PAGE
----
>> Yeah, it's a lot to cover, so we better get started. And I think, uh, again, to contextualize just a little bit more actually, before we get in, is that one of the goals of the Haskell Foundation is to increase like, uh, industrial or commercial adoption of Haskell and try to find some of those things that could be warts or paper cuts that new people may run into and minimize those as much as possible. And one of the motivations for this discussion is strings. And it's a common meme or complaint about Haskell that there's, you know, five string types you have to care about. And that isn't really true. There's string from the prelude, which is a linked list of characters, which is a pretty bad representation. And then there's text, which is kind of the de facto library for representing textual data in Haskell. Um, and often byte string gets involved in the mix there because you can represent strings as byte strings, but you lose some information there cause you don't know what encoding it is. Uh, anyway, uh, just, just to contextualize, that's like the main motivation here, I think, but behind the scenes, regardless of, you know, what you do with strings, they need to be represented in memory somehow. And that's what, this is more focused on.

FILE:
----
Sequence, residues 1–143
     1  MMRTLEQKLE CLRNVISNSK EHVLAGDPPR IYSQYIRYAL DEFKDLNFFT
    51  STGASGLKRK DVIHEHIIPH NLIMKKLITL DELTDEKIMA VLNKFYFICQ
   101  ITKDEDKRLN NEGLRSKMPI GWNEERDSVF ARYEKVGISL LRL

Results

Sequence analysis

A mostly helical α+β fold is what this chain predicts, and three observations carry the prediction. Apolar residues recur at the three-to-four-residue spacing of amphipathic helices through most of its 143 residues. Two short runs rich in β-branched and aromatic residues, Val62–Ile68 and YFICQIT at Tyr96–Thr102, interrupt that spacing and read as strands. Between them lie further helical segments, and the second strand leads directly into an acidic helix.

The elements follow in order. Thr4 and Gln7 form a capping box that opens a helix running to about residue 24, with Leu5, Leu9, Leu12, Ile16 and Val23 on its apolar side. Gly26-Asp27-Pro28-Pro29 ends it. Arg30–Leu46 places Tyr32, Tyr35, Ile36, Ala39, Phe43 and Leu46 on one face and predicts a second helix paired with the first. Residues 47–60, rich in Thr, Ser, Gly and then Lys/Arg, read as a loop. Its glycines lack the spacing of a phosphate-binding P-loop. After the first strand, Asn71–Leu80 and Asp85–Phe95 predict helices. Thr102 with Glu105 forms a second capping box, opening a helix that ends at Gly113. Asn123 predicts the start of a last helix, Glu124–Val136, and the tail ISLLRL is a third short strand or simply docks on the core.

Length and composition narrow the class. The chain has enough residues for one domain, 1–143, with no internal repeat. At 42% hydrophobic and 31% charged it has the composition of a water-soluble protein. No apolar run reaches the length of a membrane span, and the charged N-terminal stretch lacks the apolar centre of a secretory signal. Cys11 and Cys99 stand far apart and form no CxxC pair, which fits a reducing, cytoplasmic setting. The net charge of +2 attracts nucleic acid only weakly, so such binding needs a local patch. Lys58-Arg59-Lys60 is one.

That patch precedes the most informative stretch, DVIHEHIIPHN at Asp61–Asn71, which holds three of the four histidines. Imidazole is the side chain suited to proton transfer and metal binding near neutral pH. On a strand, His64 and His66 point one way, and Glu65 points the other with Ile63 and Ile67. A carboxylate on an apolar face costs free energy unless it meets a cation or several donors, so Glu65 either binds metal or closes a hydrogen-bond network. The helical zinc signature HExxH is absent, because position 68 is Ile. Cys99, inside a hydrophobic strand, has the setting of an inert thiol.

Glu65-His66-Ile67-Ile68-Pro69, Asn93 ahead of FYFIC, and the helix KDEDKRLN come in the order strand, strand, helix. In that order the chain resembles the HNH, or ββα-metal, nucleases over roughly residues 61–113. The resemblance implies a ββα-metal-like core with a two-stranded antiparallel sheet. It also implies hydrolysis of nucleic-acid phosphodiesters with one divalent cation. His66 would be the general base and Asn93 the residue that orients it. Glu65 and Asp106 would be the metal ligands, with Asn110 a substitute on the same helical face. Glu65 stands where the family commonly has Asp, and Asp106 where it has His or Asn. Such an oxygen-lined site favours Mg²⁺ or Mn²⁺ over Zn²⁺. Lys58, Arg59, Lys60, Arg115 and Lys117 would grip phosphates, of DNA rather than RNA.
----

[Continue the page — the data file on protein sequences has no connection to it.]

>> Right. And so, you know, you've talked about string being that meme wart thing that, you know, because it's the only textual basis in the base library. Right?
>> Yeah. Uh, in the prelude and in the base library, the string type is really the only choice and so much of the base API uses strings as input or output because it's the only choice. Somewhat recently, like, I don't know, in the past couple of years, um, the text library has become a wired in library for GHC, which means that when you install GHC you get text for free. So that has helped and that's made it more available, but it's still not like actually in base or better yet in the prelude where you don't even have to import anything to be able to use text.
>> Yeah, yeah. And I know we've, we've struggled against that. We've have our own custom prelude now that has that, you know, available to us. Um, but what, what is kind of the and you know another kind of thing going on? Um, That's like related to like all these options, right? Everything. There's so many options with different libraries and everything. Um, but nothing really shares anything behind the scenes. It's all different representations.